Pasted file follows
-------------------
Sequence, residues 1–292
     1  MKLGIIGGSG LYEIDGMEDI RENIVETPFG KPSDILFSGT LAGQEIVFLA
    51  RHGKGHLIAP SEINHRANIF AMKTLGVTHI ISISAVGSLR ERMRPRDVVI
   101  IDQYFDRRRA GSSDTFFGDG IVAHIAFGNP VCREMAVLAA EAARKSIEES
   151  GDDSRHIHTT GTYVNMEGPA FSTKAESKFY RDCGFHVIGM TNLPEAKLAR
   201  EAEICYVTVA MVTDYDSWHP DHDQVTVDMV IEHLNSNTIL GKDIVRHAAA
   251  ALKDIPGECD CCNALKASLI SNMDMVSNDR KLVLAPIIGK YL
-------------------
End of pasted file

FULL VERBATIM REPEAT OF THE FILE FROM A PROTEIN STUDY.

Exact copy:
Sequence, residues 1–292
     1  MKLGIIGGSG LYEIDGMEDI RENIVETPFG KPSDILFSGT LAGQEIVFLA
    51  RHGKGHLIAP SEINHRANIF AMKTLGVTHI ISISAVGSLR ERMRPRDVVI
   101  IDQYFDRRRA GSSDTFFGDG IVAHIAFGNP VCREMAVLAA EAARKSIEES
   151  GDDSRHIHTT GTYVNMEGPA FSTKAESKFY RDCGFHVIGM TNLPEAKLAR
   201  EAEICYVTVA MVTDYDSWHP DHDQVTVDMV IEHLNSNTIL GKDIVRHAAA
   251  ALKDIPGECD CCNALKASLI SNMDMVSNDR KLVLAPIIGK YL